Archive for Education
As someone pointed out the other day, in some circles increased oversight of the police and the military is deemed improper and/or unpatriotic, yet other public employees are fair game. Public school teachers, for instance. Even as tests required under No Child Left Behind come under fire, teachers themselves face increased screening tests using “Big Data, ‘Moneyball’-style” tools. As Politico reports, “Prices vary widely, from $5,000 for a small district to $500,000 for a large district, depending on the product.”
Are they useful, or just another opportunity for investors to turn kids into cash?
The new screening tools slice and dice aspiring teachers into dozens of data points, from their SAT scores to their appreciation for art to their ability to complete geometric patterns. All that data is then fed into an algorithm that spits out a score predicting the likelihood that each candidate will become an effective teacher — or, at least, will be able to raise students’ math and reading scores.
The tools seek to cut through hiring biases that favor “geographic proximity” or “teachers with last names starting with the letters A through G” because résumés get alphabetized. But critics contend there is no magic formula for revealing who makes the best teacher.
Nicholas Kristof provides an opening this morning to spend more time discussing education with his celebration of Conor Bohan, founder of a college scholarship program for Haitian students: the Haitian Education and Leadership Program (HELP).
“Education works,” Bohan said simply. “Good education works for everybody, everywhere. It worked for you, for me, and it works for Haitians.”
It’s a noble effort. But it’s the attack on public education in this country that gets under my skin. Kristof explains why:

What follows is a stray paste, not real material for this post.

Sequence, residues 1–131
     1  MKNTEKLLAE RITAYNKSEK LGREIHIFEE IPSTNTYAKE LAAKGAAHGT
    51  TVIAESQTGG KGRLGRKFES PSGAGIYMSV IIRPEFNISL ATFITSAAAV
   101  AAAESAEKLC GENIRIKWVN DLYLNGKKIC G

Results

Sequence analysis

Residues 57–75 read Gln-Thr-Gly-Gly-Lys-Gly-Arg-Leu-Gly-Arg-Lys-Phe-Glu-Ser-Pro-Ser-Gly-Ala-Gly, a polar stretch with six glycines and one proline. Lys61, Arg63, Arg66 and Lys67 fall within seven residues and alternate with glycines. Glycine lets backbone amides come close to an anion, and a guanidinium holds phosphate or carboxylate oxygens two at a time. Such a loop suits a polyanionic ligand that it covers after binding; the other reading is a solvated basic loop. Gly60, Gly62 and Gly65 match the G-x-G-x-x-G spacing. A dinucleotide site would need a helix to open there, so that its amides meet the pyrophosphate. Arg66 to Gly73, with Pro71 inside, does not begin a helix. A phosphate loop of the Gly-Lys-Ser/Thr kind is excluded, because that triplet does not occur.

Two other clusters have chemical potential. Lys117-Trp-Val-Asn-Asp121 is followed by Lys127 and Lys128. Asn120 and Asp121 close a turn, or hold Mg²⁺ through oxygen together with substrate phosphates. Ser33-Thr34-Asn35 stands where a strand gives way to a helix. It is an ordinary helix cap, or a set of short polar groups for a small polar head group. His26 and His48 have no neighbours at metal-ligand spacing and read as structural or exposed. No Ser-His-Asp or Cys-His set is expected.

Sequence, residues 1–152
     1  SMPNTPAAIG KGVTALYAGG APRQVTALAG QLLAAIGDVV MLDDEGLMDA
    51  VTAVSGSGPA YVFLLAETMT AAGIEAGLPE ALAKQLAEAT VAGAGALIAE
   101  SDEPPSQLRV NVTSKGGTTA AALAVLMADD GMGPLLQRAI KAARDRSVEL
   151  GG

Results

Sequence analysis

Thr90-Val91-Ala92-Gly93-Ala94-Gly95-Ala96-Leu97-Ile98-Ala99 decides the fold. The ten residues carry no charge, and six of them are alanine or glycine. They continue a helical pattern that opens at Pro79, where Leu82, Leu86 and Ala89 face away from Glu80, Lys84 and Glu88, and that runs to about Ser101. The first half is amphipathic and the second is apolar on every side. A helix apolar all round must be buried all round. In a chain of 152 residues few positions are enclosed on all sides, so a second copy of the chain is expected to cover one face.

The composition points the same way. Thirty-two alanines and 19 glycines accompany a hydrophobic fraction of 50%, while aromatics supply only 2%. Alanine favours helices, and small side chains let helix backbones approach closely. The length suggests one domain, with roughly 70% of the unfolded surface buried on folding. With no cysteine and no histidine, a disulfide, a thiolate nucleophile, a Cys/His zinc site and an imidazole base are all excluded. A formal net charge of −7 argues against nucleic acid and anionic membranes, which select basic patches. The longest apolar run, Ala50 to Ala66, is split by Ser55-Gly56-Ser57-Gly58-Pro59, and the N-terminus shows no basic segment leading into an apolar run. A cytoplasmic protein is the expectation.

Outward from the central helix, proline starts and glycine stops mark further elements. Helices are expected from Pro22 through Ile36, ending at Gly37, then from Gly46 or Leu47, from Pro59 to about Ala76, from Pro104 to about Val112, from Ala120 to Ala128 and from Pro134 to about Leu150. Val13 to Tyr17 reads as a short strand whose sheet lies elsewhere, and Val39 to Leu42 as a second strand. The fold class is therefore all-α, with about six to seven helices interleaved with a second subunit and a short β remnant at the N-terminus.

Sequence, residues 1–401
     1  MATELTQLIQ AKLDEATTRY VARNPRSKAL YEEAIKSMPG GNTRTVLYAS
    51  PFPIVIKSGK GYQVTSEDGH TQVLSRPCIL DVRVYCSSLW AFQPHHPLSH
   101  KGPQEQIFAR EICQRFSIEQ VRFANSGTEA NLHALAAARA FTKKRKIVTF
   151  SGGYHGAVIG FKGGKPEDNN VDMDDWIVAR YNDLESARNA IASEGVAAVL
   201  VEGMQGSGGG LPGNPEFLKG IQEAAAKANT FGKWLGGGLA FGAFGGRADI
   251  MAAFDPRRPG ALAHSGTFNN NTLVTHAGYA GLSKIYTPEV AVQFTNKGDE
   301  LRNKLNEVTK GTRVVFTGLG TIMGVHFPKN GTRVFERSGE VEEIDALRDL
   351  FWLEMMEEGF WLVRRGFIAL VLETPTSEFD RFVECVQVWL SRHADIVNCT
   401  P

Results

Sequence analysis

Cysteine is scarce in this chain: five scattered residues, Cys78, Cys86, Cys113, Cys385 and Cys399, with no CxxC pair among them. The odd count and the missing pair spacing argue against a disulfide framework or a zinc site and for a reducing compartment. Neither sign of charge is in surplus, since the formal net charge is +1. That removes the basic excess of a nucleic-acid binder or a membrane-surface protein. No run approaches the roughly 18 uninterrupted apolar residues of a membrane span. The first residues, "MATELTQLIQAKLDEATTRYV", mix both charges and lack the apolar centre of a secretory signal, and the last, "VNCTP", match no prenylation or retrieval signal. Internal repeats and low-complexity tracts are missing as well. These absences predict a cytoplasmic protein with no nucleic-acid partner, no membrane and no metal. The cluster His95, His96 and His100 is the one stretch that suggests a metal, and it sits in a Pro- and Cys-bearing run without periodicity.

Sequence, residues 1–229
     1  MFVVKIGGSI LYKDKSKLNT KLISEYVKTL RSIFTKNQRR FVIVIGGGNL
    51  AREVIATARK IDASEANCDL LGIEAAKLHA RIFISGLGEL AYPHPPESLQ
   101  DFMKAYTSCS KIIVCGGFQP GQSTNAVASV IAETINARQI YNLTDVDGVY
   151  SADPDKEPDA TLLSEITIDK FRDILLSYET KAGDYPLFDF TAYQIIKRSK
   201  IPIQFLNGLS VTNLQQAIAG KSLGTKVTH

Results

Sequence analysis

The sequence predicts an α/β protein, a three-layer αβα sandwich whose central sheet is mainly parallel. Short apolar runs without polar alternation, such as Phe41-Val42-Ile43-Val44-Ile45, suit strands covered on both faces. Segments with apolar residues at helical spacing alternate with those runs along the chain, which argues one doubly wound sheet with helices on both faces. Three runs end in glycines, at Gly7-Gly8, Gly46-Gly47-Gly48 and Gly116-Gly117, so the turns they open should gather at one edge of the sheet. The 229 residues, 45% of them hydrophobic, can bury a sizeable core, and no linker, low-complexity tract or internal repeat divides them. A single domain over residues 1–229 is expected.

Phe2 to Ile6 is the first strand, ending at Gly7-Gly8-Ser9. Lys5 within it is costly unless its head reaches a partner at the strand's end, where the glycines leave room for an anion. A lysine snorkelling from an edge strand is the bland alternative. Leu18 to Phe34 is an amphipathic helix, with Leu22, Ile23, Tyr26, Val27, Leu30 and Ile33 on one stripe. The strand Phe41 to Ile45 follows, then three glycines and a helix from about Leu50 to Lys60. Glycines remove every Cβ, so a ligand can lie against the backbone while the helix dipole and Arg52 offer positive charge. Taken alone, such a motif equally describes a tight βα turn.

Over time, I’ve concluded that education may be the single best way to help people help themselves — whether in America or abroad. Yet, as a nation, we underinvest in education, both domestically and overseas. So, in this holiday season, I’d suggest a moment to raise a glass and celebrate those who spread the transformative gift of education.
A few days ago, we saw the news of the horrific Pakistani Taliban attack on a school in Peshawar. The Taliban attacks schools because it understands that education corrodes extremism; I wish we would absorb that lesson as well. In his first presidential campaign, President Obama spoke of starting a global education fund, but he seems to have forgotten the idea. I wish he would revive it!
Education corrodes extremism is a pretty concise explanation for why Wall Street has joined forces with the religious right in this country in a cynical effort to undermine public education under the rubric of “choice.” For the Big Money Boyz, the “education market is ripe for disruption.” Education reform is about mining public education and transferring as much as possible of that steady, recession-proof, government-guaranteed stream of public tax dollars to the investor class by expanding charter schools. For the religious right, it’s about shielding their kids from knowledge they perceive as in conflict with their religious views. Like other fundamentalists, they want to keep modernism at bay. Because freedom. And because they resent having their tax dollars fund public education and not their religious schools.
More analysis now of the recent attempt by Colorado conservatives to present students with a properly soft-focused American history. Their preference? To limit history curriculum to only those events that “promote citizenship, patriotism, essentials and benefits of the free-market system, respect for authority and respect for individual rights.” And that do not “encourage or condone civil disorder, social strife or disregard of the law.” (A unit on the Biblical underpinnings of the U.S. Constitution is sure to follow.)
It’s your basic, Lee Greenwood America. You won’t understand why the South seceded or what policies precipitated the Depression or that no weapons of mass destruction were found in Iraq, but at least you know you’re free.
Sean McElwee examines for Salon what freaks out conservatives about teaching unvarnished American history.
The GSV manifesto declares, “we believe the opportunity to build numerous multi-billion dollar education enterprises is finally real.”
Venture capitalist, Eric Hippeau, believes the “education market is ripe for disruption.”